next front |1 |2 |3 |4 |5 |6 |7 |8 |9 |10 |11 |12 |13 |14 |15 |16 |17 |18 |19 |20 |21 |22 |23 |24 |25 |26 |27 |28 |29 |30 |31 |32 |review

I began my academic career at the Harvard Medical School, where from 1963 to 1965, I was an instructor in the Department of Psychiatry. In 1965, I moved to New York University as associate professor where, together with Alden Spencer and James Schwartz, we developed the first group in the country devoted to both cellular neurobiology and behavior. At the time I was recruited to N.Y.U., Denise was recruited to the Columbia University College of Physicians and Surgeons, where she gradually rose to the rank of professor.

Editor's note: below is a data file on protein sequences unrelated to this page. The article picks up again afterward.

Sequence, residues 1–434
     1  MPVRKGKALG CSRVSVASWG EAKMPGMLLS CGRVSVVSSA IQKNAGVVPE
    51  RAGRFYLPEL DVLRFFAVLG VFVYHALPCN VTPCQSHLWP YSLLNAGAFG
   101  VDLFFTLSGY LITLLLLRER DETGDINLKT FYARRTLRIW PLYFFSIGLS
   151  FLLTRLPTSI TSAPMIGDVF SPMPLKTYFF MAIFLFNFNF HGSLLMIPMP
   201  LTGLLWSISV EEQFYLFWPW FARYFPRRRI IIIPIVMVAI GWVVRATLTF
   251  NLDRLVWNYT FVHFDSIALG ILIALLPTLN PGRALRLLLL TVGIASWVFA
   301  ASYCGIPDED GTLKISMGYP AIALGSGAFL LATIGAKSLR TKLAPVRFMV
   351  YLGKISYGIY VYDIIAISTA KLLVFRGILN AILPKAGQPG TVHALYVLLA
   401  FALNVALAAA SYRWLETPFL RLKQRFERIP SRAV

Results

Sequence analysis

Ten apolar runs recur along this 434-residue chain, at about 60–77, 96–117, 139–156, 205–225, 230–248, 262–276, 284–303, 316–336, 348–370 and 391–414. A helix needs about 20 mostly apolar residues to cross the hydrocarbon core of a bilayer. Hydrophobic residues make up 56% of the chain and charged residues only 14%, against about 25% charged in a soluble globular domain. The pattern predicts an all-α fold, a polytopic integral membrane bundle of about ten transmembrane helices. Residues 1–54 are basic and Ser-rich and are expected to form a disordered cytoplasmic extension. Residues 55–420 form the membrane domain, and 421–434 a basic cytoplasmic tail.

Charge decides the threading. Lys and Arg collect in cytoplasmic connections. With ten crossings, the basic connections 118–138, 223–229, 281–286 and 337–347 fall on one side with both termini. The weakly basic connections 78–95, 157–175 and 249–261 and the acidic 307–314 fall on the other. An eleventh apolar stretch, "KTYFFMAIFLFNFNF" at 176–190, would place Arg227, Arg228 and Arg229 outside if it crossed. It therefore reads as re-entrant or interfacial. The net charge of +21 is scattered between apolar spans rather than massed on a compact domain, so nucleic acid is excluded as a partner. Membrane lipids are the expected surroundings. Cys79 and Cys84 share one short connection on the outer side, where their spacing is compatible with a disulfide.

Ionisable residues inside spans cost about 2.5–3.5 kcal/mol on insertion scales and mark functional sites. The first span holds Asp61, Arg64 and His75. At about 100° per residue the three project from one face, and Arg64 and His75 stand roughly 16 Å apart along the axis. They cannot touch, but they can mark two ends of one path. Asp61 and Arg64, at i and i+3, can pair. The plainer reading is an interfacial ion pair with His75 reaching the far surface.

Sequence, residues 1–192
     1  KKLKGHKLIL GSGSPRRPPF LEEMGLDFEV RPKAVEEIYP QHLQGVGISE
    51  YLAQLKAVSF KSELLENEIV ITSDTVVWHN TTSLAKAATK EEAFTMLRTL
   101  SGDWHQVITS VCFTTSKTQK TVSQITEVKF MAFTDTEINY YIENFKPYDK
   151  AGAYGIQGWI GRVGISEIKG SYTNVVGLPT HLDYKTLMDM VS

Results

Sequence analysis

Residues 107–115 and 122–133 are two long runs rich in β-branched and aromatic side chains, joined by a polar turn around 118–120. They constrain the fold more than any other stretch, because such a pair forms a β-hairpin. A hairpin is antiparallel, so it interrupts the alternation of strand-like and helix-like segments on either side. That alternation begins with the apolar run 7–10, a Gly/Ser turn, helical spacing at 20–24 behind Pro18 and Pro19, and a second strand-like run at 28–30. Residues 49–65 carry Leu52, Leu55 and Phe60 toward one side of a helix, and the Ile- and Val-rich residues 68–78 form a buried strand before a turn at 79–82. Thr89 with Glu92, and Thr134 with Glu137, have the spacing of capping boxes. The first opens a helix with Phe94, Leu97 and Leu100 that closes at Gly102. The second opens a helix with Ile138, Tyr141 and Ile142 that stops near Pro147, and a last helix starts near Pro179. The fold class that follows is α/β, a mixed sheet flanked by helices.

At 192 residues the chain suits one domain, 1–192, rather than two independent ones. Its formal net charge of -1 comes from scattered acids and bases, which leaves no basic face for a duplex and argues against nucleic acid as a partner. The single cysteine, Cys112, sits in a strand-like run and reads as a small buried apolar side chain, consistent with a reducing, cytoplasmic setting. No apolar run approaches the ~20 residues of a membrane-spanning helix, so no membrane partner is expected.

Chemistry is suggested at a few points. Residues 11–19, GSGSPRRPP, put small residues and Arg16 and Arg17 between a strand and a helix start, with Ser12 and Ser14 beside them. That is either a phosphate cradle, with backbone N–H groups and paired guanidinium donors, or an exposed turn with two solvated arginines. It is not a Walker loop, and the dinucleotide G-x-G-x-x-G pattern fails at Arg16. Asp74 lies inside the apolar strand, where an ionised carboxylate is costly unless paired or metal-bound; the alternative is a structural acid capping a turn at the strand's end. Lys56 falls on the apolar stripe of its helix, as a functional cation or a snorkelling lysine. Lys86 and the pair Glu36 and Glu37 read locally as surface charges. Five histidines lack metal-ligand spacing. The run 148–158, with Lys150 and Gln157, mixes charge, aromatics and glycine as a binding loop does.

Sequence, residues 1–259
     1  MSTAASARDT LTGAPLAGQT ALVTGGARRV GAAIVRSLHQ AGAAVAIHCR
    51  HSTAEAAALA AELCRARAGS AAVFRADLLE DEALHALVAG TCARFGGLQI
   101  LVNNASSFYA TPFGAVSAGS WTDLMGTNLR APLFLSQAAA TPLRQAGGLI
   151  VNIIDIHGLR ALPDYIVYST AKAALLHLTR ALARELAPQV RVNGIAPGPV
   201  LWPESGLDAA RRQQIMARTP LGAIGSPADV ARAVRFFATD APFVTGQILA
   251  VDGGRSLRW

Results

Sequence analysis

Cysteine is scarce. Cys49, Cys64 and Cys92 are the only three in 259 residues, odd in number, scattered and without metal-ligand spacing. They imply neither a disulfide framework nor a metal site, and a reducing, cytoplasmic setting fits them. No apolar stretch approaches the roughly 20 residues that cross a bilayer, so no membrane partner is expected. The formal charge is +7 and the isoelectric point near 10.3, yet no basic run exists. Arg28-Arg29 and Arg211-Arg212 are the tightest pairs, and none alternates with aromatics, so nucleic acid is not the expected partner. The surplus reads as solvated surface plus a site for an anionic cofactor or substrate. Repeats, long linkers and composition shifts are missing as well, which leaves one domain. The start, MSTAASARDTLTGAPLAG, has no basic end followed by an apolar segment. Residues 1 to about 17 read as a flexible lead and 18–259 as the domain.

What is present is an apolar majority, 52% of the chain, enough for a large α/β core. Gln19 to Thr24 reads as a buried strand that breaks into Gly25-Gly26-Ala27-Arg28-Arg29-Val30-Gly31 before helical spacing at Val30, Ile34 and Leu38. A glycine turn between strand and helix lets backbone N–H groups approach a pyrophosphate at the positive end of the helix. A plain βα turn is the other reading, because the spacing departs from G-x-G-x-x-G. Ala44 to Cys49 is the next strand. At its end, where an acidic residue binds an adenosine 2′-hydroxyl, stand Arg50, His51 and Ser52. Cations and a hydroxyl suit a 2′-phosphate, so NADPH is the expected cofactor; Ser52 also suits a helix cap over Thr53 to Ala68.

In 1974, Harry Grundfest retired and I was recruited to Columbia to replace him. At Columbia I was the founding director of the Center for Neurobiology and Behavior. In 1983, I became a University Professor at Columbia. In 1984, I resigned as director of the Center to become a senior investigator at the newly formed Howard Hughes Medical Research Institute at Columbia.

Complete text of Dr. Kandelís Nobel Prize lecture can be accessed through The Nobel Foundation at

For autobiography of Dr. Kandel, click here